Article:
I do not wish to convey that we cannot make DMS's budget grow; we can and did increase it this year. But the growth will need to be incremental and will come because we have been innovative and are demonstrating careful management of the funds entrusted to us. The mathematical community will need to identify opportunities and help sell them. It probably will need to help identify the more mature areas, and those that have the greatest promise, and be prepared for DMS to do some shifting of funds. As a community, we will need to determine how best to use the limited funds provided to maintain and advance the discipline. This may mean arriving at alternative funding patterns. If we are not prepared to make hard choices, how can we expect others to do so? When the community is willing to make choices and move forward, suggesting areas of opportunity and responding to innovative modes of funding—as, for example, it did for the Group Infrastructure Grants (GIG) program—the foundation does respond with increased funding. The mathematical community must understand the changing environment in which we live, and then be agile in taking advantage of opportunities presented. The purpose of this meeting is to begin the process of taking charge of our destiny.
You should be aware that Congress is now requiring greater accountability of the agencies it funds. The NSF needs to come up with a set of goals and metrics to measure achievement of these goals. Crude counting, whether of students produced, papers published, and so on, will just distort the purpose of the foundation. For that reason it is seeking to have qualitative, rather than quantitative, measurements.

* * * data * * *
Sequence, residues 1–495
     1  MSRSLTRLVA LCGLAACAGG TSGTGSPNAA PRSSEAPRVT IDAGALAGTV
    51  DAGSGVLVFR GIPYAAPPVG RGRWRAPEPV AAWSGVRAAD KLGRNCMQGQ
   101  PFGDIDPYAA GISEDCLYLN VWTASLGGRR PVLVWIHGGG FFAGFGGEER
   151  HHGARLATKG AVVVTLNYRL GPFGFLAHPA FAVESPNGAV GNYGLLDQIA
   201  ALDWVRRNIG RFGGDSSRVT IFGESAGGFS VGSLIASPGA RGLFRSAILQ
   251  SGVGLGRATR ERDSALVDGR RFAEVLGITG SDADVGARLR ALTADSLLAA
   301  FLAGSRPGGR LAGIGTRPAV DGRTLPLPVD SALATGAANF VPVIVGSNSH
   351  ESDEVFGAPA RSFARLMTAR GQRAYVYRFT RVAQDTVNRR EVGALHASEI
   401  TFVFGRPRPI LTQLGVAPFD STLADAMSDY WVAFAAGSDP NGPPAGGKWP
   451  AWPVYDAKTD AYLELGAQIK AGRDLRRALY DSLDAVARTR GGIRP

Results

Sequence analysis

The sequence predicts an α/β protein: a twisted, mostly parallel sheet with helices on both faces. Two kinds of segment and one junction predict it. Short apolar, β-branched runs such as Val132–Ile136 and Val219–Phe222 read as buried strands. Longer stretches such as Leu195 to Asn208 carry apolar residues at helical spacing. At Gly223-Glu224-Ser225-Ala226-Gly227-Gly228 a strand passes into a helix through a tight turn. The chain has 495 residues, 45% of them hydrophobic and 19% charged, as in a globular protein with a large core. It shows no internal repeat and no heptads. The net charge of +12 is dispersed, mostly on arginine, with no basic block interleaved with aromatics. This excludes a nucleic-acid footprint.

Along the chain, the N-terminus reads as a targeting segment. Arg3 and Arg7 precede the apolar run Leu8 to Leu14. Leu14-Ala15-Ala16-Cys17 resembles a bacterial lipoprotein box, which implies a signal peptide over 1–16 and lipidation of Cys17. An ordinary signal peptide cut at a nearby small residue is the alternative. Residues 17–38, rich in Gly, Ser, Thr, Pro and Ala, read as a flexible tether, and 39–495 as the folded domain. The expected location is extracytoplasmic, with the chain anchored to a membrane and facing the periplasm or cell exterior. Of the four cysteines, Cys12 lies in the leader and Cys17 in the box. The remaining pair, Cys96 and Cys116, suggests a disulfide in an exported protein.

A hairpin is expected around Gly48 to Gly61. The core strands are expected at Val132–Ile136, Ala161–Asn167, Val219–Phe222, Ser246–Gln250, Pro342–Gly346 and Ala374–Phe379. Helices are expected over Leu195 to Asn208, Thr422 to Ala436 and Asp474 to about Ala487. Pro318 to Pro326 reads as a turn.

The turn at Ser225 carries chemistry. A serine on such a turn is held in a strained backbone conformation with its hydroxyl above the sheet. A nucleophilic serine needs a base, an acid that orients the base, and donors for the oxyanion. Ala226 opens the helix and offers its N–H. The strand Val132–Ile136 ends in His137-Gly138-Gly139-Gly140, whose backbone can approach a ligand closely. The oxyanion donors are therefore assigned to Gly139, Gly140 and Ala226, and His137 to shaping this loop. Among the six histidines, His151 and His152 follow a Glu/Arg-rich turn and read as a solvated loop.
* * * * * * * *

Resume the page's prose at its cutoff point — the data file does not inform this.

The foundation was founded to promote the progress of science, to advance the national health, prosperity, and welfare of U.S. citizens, and to secure the national defense. The national populace is the foundation's constituency, not the academic research community. Thus it is not sufficient for the NSF to ensure the welfare and progress of academic researchers, confident that their brilliance and hard work will take care of the needs of the nation. It needs to lead the community of researchers and educators in the most beneficial directions for the nation. That being the case, in a qualitative manner we will need to address how our funding has been beneficial to the nation. NSF is funding basic research, and so the time lines for this assessment cannot be one or two years, but since many lines of inquiry will not have a payoff, ever, it will not be convincing to Congress if every investment takes in excess of 50 years before there is any indication that the investment has had a payoff. As Eugene Wigner so ably asserted and demonstrated, mathematics is inordinately effective in its contributions to science—and, as we now know, to management and industry. In the years ahead we mathematicians will need to document this time and time again, and we will need to assist in a faster transfer of knowledge.
As I see it, the mathematics community is going to have to get into the business of telling its story and describing the impact it has had on the general populace, not only to Congress but, to the extent possible, to the person in the street. For far too long, we have been content to communicate individually with a small, select group of colleagues, making little effort to communicate even with the mathematical sciences community as a whole, let alone with our science colleagues. To the educated public we appear to be a small sect, inwardly looking, muttering in an incomprehensible language. If this is the case, how do we demonstrate our contributions to our nation's citizenry?
Our fellow scientists need our help. They need to reduce experimental trials, and they need models to simulate experiments and suggest the most appropriate areas of inquiry. They need the mathematician to help not only in modeling and simulation but also in reformulating their questions. Formulating precise questions is our forte. We have become so inner driven that we have forgotten our ancestry; we forget how much of mathematics was stimulated by physics.